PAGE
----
Mitochondrial reactive oxygen species (mtROS) are cellular messengers essential for cellular homeostasis. In response to stress, reverse electron transport (RET) through respiratory complex I generates high levels of mtROS. Suppression of ROS production via RET (ROS-RET) reduces survival under stress, while activation of ROS-RET extends lifespan in basal conditions. Here, we demonstrate that ROS-RET signalling requires increased electron entry and uninterrupted electron flow through the electron transport chain (ETC). We find that in old fruit flies, ROS-RET is abolished when electron flux is decreased and that their mitochondria produce consistently high levels of mtROS. Finally, we demonstrate that in young flies, limiting electron exit, but not entry, from the ETC phenocopies mtROS generation observed in old individuals. Our results elucidate the mechanism by which ROS signalling is lost during ageing.
Mitochondria are double-membrane organelles which produce a significant amount of cellular energy. Mitochondria are also instrumental for the synthesis of iron-sulphur clusters, nucleotides for DNA replication and the generation of metabolic intermediates required for anabolism . These fundamental roles mean that mitochondrial function influences crucial processes affecting cell growth, differentiation and death by controlling senescence and apoptosis [8, 18]. A hallmark of ageing is the accumulation of damaged mitochondria that produce high levels of mitochondrial reactive oxygen species (mtROS) . The negative consequences of elevated levels of ROS, i.e. loss of redox signalling and oxidative stress, are well known ,however, it is unclear how and why this occurs. Due to the central role of mitochondria in maintaining cellular homeostasis, we anticipate that inhibition of “mitochondrial ageing” will improve healthspan and contribute to a delayed onset of diseases associated with ageing.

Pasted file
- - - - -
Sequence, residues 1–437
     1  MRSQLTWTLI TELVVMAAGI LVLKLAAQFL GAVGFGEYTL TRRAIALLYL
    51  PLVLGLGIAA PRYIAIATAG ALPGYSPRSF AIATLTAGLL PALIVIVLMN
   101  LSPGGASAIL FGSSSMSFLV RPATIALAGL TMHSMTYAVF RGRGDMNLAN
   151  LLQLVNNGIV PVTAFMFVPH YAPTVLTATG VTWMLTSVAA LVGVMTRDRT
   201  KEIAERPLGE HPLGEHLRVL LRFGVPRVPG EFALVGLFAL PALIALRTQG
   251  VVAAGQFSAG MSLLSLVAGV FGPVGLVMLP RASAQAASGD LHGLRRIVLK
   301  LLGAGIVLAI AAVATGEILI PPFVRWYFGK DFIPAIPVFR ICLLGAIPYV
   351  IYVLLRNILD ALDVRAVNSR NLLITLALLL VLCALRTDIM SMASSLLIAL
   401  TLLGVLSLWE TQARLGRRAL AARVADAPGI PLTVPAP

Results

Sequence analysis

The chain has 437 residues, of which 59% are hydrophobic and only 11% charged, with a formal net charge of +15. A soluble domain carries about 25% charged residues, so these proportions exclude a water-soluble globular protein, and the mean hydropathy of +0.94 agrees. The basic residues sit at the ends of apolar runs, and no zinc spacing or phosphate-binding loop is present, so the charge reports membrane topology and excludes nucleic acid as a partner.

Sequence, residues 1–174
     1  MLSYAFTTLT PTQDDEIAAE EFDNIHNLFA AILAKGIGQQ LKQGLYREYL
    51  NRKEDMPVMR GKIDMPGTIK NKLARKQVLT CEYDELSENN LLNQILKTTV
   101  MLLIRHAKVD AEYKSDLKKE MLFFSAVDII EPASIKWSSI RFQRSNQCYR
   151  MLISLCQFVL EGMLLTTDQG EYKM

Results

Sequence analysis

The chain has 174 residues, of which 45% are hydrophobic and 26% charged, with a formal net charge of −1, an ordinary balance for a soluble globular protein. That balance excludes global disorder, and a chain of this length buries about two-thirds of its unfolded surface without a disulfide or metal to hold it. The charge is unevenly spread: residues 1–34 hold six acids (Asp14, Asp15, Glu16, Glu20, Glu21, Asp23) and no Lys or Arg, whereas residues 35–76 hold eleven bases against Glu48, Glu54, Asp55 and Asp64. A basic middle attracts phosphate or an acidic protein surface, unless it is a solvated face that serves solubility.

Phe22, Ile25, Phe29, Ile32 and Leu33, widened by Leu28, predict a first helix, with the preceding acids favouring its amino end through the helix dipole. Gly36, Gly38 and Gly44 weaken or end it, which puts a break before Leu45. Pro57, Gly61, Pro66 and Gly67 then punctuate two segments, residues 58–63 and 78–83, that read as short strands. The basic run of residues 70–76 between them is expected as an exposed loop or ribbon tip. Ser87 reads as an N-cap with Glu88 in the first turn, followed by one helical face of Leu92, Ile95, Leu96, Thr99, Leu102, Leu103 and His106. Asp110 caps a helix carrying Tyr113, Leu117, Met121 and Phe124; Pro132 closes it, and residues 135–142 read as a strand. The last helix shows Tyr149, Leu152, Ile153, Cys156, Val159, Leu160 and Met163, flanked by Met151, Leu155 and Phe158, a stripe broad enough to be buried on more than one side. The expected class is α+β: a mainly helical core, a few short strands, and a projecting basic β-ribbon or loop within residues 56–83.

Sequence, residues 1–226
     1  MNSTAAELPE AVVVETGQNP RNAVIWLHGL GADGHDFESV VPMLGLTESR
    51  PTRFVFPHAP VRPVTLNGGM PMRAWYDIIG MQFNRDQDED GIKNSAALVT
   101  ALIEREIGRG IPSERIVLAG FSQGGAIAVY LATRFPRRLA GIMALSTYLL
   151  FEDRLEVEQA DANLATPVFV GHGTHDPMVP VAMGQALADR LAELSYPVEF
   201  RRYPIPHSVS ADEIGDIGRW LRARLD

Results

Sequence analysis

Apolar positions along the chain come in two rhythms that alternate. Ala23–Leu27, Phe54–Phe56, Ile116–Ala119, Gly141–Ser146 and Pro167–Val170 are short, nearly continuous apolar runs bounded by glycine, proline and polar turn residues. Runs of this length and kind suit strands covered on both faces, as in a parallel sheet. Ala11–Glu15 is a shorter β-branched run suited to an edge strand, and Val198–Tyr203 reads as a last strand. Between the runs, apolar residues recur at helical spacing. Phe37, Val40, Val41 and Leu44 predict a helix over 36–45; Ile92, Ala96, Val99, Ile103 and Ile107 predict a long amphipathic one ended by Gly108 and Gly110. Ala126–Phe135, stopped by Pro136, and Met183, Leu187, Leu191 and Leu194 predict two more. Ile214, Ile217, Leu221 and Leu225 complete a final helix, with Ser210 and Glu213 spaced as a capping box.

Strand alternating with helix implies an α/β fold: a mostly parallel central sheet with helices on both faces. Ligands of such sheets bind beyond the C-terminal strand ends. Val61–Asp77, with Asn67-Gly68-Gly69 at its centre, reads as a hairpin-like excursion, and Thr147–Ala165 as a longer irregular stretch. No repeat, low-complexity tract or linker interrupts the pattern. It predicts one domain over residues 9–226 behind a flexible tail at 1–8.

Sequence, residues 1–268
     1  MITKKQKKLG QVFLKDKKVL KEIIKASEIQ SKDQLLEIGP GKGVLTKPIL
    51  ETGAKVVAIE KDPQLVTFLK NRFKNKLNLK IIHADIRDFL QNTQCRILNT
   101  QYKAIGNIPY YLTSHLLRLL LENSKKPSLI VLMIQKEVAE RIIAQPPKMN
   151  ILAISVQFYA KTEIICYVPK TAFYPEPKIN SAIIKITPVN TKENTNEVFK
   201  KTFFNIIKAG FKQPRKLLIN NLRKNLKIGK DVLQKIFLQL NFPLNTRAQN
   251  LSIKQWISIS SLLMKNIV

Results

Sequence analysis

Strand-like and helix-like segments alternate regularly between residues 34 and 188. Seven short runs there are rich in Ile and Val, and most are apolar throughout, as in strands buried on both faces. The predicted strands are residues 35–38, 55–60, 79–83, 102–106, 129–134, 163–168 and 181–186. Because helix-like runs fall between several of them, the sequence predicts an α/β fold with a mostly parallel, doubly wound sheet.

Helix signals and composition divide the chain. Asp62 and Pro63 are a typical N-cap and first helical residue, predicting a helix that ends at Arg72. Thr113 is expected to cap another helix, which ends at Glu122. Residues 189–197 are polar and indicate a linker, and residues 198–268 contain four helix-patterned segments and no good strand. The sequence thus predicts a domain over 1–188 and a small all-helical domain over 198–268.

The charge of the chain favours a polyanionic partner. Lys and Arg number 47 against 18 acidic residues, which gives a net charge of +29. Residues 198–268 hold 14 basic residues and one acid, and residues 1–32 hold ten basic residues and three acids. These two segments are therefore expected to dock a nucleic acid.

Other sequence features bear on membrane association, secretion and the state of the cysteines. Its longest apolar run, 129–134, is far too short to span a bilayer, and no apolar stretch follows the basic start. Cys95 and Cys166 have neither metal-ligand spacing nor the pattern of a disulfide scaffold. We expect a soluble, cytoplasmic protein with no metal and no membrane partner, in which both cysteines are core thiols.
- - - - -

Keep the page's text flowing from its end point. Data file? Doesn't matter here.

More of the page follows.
To understand how mitochondrial ageing occurs, we must identify the physiological processes regulated by mtROS and study how they are altered during ageing. It is therefore imperative that the connection between changes in mtROS and the accumulation of respiratory-deficient mitochondria is understood. In the past, we have shown that in response to stress, fly mitochondria produce ROS via reverse electron transport (RET) (ROS-RET) . ROS-RET occurs under particular conditions, when both a highly reduced coenzyme Q (CoQ) pool and elevated proton motive force (pmf) coincide to allow RET from ubiquinol to CI . Suppression of ROS-RET under stress prevents an adaptative transcriptional response and shortens survival in both fruit flies  and mice . On the other hand, stimulation of ROS-RET in basal conditions, through expression of an alternative NADH dehydrogenase, extends the lifespan of Drosophila [40, 40]. This indicates the existence of a mitochondrial redox signalling pathway that acts to regulate lifespan under both basal and stress conditions.
Stress adaptation in flies relies upon ROS-RET, which requires perfectly coupled mitochondria. We hypothesised that ROS-RET signalling would be affected by age-associated mitochondrial alterations, limiting stress adaptation in old individuals. Here, we resolve the mechanism mediating ROS-RET signalling in detail. We combine high-resolution respirometry and metabolomic profiling to characterise how ROS-RET occurs in vivo. We show that ROS-RET is triggered by an increase in electron entry into the electron transport chain (ETC). Next, we demonstrate that ROS-RET signalling is lost during ageing and replaced by sustained high levels of ROS production. At the organismal level, we show that loss of ROS-RET compromises stress adaptation in old individuals. Finally, we dissect the ETC alterations responsible for the loss of ROS-RET during ageing. We find that reducing electron exit in young individuals suppresses ROS-RET signalling resulting in an acute increase in ROS production upstream of complex IV (CIV). Like in old mitochondria, mitochondria where CIV is depleted are unresponsive to stress stimuli and phenocopy the mitochondrial ageing phenotype observed in aged individuals.